Metal detectorist finds rare silver coin in Yorkshire field that could bag him a small fortune

A silver penny found by a metal detector depicting the Sir Alan Sugar of his day 900 years ago could fetch £15,000 at auction.

The 12th-century treasure depicting Baron Eustace Fitzjohn which measures just over half-an-inch (19mm) across, was minted in York and is one of only 20 surviving examples of this design.

Rob Brown discovered the rare coin on a stubble field near Pickering, North Yorkshire, after walking just 20 paces to get his first positive metal signal of the day.

The 56-year-old from Leeds found the coin in August, just two inches down in a clump of soil when he noticed the edge of a silver coin.

On closer inspection he saw it had a design on one side of a standing helmeted knight holding a sword.

Rob Brown pointing to where he found the coin, in a field near Pickering, North Yorkshire
(Image: © Rob Brown / SWNS)

Around this is an inscription which reads ‘EUSTACIUS’ and on the reverse is a cross within a quatrefoil symmetrical design with the legend ‘EBOR. ACIT. DEFT’.

Rob did not initially recognise the coin which is a very rare silver penny issued in York by Eustace Fitzjohn, the Lord of Malton and Knaresborough who served under King Henry I.

Eustace Fitzjohn became a wealthy landowner through marriage and later supported the Empress Matilda when she fought a civil war over who would inherit the English crown with her cousin Stephen in the period known as “the anarchy” in England.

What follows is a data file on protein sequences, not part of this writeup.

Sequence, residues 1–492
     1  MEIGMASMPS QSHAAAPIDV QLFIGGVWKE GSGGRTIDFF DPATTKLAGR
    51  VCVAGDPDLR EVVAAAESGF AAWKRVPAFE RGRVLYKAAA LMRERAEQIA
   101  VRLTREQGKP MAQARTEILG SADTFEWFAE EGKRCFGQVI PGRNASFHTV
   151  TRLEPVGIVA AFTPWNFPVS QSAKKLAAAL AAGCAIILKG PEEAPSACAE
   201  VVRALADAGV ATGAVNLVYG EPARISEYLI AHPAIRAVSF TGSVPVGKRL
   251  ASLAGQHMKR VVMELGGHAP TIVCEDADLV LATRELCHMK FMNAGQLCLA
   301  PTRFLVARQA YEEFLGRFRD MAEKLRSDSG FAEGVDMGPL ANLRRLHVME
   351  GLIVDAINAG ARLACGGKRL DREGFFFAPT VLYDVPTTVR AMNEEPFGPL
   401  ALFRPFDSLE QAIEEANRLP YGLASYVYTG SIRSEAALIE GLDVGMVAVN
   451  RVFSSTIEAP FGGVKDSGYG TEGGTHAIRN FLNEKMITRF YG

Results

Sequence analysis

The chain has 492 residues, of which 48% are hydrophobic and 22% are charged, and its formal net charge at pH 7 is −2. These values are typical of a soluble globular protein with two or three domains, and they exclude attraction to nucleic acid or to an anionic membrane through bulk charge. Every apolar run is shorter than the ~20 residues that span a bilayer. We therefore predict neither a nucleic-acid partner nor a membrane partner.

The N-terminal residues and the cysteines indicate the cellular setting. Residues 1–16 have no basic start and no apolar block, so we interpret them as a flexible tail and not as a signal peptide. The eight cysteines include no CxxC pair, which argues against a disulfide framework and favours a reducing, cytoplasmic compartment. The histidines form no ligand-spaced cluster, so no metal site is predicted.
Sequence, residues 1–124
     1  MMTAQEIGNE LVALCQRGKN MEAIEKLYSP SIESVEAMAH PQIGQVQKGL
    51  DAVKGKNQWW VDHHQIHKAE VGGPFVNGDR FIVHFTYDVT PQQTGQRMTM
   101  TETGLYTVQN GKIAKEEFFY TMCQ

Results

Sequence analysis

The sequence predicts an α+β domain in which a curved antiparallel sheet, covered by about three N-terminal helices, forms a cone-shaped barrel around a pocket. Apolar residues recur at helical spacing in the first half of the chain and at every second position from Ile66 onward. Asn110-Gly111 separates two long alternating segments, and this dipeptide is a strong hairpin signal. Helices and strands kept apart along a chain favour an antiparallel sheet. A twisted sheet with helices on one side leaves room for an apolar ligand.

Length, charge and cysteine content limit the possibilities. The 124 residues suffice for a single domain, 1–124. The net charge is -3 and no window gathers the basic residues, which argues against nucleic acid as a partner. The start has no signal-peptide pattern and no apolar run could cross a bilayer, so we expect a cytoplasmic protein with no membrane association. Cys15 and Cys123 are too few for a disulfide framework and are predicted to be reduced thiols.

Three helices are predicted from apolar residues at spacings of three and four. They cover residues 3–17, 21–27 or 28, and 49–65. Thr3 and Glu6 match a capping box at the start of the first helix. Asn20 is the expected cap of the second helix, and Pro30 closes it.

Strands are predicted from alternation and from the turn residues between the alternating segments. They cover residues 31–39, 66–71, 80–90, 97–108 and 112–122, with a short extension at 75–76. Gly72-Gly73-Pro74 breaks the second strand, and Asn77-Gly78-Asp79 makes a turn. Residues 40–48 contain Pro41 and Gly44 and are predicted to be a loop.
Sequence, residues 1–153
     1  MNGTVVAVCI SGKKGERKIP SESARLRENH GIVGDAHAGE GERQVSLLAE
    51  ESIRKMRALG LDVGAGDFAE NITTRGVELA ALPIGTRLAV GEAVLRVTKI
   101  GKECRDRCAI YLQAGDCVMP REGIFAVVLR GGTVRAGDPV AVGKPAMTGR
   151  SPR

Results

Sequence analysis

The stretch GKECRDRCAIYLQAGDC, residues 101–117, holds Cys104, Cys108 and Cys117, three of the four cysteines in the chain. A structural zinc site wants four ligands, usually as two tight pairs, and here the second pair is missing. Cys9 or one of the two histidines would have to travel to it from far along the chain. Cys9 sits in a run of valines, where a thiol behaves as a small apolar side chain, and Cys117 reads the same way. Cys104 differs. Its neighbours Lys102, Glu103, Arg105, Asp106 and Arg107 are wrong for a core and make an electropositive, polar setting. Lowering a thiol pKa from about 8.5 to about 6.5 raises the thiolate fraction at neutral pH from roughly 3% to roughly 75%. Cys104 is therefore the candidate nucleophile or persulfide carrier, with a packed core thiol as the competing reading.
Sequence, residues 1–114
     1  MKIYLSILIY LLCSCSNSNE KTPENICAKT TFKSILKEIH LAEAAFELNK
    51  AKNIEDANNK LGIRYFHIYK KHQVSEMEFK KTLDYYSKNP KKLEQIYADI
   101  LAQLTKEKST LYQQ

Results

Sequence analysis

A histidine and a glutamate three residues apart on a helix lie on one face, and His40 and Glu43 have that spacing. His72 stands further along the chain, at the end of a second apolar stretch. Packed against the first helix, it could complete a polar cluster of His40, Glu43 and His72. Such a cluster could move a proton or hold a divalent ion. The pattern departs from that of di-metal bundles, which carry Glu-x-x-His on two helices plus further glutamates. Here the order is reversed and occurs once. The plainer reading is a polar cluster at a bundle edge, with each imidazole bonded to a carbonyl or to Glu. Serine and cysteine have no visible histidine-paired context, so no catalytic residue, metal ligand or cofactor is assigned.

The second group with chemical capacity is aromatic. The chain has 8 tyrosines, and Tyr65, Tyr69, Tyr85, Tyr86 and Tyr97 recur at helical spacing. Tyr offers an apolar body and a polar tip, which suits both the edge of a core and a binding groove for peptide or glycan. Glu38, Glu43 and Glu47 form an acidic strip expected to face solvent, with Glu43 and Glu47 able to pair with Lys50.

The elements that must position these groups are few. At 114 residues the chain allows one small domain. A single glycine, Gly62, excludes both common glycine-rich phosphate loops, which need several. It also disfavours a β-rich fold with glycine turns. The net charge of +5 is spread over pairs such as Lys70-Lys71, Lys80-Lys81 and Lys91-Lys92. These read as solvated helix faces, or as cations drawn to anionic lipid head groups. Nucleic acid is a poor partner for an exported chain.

The 12th century treasure depicting Baron Eustace Fitzjohn could fetch up to £15,000 at auction, experts believe
The 12th century treasure depicting Baron Eustace Fitzjohn could fetch up to £15,000 at auction, experts believe
(Image: © Dix Noonan Webb / SWNS)

There is a fortification which dates from the period of this conflict near where the coin was found.

Rob, who has been metal-detecting for eight years, said: “I was detecting with a friend and we found the coin, we weren’t sure if it was Saxon or Viking, so put a picture on a Facebook page devoted to milled and hammered coins – lots of people were reacting and were very excited – many knew instantly who or what it was.”

In 1138, Eustace lost custody of Bamburgh Castle to Stephen and decided to join forces with David I of Scotland fighting with him against Stephen at the battle of the standard that year.

Then in July 1157, Eustace was killed in Flintshire after being ambushed by the Welsh army.

The coin, which measures just over half-an-inch (19mm) across, was minted in York and is one of only 20 surviving examples of this design
The coin, which measures just over half-an-inch (19mm) across, was minted in York and is one of only 20 surviving examples of this design
(Image: © Dix Noonan Webb / SWNS)

Nigel Mills, expert in artefacts and antiquities at auctioneers Dix Noonan Webb, described the baron as the “Alan Sugar of his day” because he came from a humble background.

He said: “Baron Eustace Fitzjohn was a Justician of the north and became a great monastic patron.

“He was to some extent, the Baron Alan Sugar of his day coming from a humble background but achieving great wealth and prominence.

“As it was a period of Civil War, Baron Fitzjohn had the authority to have coins struck in York which were primarily for local use.”

The coin is estimated to fetch between £10,000 and 15,000 at auction.

Dix Noonan Webb will be holding a live online auction of Coins and Historical Medals on November 3 at 10am.